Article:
The meaning of burden of care in a faith-based community: the case of ultra-Orthodox Jews (UOJ)

Offer E. Edelstein, Tova Band-Winterstein, Yaacov G. Bachner

Research output: Contribution to journalArticlepeer-review

11 Scopus citations

Abstract

Objectives: The context of caregiving in the ultra-Orthodox Jewish community is still an uncharted field. We sought to facilitate an in-depth understanding of caregivers in Israel through their views of their position as primary caregivers, their coping mechanisms with the challenges of caregiving burden, and their unfulfilled needs. Method: Data were drawn from interviews with 28 participants, serving as primary caregivers for at least a year. Results: Three major themes emerged from the data analysis: (1) burden of care as a universal experience, (2) the faith-based spiritual meaning of caring for parents, and (3) modest needs and expectations from the formal services–a total reliance on the familial-community service system, while there is some indication of unfulfilled needs that should be addressed by the formal service system. Conclusion: Intervening parties should be aware of the ‘cultural color,’ and not ignore the unique difficulties this population faces. Policy-makers should acknowledge the patterns of non-formal services used in this community.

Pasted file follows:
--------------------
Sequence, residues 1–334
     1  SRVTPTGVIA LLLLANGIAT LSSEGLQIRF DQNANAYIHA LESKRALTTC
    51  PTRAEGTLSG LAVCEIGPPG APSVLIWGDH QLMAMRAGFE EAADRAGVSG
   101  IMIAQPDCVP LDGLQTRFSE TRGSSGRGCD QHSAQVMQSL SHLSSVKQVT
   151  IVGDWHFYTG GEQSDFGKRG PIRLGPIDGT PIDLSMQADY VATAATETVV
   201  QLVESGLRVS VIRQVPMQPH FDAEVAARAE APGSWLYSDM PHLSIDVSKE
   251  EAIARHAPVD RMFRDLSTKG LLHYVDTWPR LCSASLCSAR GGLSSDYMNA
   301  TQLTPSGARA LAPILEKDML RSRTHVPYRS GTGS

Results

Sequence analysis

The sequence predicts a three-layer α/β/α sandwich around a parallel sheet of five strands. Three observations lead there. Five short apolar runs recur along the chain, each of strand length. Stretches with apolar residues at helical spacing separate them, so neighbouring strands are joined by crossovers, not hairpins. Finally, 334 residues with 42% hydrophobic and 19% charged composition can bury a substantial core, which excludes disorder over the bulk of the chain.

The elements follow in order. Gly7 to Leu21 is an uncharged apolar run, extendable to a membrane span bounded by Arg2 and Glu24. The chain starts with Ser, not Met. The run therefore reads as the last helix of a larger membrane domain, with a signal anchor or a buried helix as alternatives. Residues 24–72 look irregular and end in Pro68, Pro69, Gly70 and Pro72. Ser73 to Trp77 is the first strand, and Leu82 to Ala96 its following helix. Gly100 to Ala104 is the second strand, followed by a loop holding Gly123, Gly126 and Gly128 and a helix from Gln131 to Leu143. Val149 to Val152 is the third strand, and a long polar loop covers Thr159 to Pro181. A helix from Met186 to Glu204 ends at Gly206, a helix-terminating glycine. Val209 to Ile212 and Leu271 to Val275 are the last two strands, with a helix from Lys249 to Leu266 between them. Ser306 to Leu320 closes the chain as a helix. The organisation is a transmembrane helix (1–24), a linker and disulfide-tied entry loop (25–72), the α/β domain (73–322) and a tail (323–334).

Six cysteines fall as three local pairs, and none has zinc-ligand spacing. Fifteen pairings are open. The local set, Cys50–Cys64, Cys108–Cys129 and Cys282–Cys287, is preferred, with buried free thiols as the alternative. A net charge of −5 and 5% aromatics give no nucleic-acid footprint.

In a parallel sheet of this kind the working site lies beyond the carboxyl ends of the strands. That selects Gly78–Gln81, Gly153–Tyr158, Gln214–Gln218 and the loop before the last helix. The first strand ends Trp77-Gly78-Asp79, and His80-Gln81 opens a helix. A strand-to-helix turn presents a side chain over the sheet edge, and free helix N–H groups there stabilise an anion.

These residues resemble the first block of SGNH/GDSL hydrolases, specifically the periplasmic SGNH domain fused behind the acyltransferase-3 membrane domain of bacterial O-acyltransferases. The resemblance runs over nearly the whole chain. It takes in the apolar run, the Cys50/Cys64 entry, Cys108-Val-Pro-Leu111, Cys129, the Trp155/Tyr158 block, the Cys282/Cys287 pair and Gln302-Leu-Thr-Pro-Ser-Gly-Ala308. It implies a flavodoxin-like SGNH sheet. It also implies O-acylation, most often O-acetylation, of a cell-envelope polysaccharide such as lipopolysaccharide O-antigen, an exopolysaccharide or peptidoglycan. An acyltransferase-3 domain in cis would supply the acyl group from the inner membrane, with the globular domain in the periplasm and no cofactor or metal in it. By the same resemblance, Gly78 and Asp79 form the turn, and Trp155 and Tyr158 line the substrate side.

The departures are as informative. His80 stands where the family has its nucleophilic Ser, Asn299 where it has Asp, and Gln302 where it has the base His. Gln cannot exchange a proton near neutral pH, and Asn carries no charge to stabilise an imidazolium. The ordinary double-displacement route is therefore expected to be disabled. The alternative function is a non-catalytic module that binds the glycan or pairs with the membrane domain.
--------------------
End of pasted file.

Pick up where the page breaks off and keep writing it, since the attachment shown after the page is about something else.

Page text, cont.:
Original languageEnglish
Pages (from-to)851-861
Number of pages11
JournalAging and Mental Health
Volume21
Issue number8
DOIs
StatePublished - 3 Aug 2017

Keywords

  • Burden of care
  • faith-based community
  • minorities
  • ultra-Orthodox

ASJC Scopus subject areas

  • Psychiatric Mental Health
  • Gerontology
  • Geriatrics and Gerontology
  • Psychiatry and Mental health

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